At that time, the oxygen supply is unable to meet the oxygen requirement due to the stress. This is when the muscle cells start respiring anaerobically to fulfil the energy requirement.
The end product of lactic acid fermentation, lactic acid, gets accumulated in the muscle cells for as much as one to three minutes and causes the fatigue and soreness of the muscles. It can lead to severe pain and cramping of the muscles.
Lactic acid keeps accumulating in the muscles and in the presence of acidity of the lactic acid, glucose metabolism is slowed down. This is body’s natural mechanism to prevent permanent damage to the muscles from exertion.
The lactic acid formed is then transported to the liver through the bloodstream, where it gets converted to pyruvate again. The pyruvate molecules again serve as the substrate for the aerobic respiration to occur when the sufficient oxygen supply is restored to the body.
Therefore, breathing heavily after strenuous exercise helps to reestablish the oxygen supply and the conversion of lactic acid to pyruvate to aerobic respiration pathway.
Thus, we can conclude that in muscle cells, at the times of heavy exercise when the demand of oxygen is more than the supply, lactic acid fermentation takes place.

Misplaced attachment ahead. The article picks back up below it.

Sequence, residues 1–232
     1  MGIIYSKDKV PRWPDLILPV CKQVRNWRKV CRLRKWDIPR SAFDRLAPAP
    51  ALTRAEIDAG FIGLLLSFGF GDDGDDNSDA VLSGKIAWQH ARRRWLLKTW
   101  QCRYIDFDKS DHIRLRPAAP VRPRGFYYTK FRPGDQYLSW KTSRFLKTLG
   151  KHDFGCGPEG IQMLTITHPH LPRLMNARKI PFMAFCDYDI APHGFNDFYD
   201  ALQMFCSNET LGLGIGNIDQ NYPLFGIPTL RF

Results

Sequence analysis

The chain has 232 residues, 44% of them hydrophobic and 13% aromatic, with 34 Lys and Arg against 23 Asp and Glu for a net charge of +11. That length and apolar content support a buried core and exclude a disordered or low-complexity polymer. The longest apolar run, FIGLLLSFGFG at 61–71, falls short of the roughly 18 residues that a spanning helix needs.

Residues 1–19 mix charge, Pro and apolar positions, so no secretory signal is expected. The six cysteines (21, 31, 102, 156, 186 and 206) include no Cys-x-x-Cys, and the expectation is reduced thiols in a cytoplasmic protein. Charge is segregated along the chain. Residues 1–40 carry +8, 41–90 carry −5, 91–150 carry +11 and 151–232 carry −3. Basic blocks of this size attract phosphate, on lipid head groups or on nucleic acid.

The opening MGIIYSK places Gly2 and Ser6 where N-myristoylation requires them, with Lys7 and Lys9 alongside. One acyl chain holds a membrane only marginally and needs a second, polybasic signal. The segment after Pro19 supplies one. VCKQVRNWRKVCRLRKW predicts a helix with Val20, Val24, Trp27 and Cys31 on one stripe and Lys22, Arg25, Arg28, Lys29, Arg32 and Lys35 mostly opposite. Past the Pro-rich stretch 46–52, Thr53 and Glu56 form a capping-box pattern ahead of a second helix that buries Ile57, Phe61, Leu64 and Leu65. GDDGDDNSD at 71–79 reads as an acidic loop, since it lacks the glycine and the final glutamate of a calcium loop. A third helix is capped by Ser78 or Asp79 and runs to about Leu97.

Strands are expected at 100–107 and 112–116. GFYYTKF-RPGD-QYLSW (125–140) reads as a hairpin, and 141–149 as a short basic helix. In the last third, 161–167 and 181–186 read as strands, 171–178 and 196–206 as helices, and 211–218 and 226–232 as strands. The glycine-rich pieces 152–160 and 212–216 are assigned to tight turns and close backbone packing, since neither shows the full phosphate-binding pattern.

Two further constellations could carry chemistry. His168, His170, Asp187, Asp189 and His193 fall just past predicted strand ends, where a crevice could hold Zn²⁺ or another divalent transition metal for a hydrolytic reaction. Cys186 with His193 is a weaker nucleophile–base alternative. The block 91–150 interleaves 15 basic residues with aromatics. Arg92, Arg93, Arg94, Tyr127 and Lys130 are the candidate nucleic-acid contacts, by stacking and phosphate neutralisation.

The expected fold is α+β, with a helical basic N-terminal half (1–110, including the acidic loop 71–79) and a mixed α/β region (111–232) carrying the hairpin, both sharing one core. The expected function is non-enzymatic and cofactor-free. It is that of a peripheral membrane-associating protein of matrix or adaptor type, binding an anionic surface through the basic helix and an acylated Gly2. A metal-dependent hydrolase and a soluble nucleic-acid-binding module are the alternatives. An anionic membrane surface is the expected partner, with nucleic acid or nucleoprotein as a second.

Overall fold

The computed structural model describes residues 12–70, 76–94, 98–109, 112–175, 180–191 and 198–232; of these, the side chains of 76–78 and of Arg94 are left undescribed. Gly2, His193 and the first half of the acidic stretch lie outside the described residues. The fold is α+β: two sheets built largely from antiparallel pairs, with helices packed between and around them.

As a result of lactic acid fermentation, two molecules of ATP are formed to provide instant energy and lactic acid s formed as a byproduct.
This lactic acid gets accumulated in the muscles and causes fatigue and pain. However, it also gets eliminated from the muscles as soon as the normal oxygen supply is restored when the body slows down.
- Douglas Wilkin and Barbara Akre, Lactic Acid Fermentation: CK-12 Foundation (December 6, 2014).
- Prema Puganenthran, What is the Fermentation that happens when Lactic Acid Builds Up?: Chron.
- Stephen M. Roth, why does lactic acid build up in muscles?: Scientific American (january 23, 2006).
- Mara Pesacreta, How to Distinguish between Aerobic Respiration & Fermentation: Sciencing.
- Douglas Wilkin, Jean Brainard: An Overview of Fermentation, Grades 9 and 10 (2012).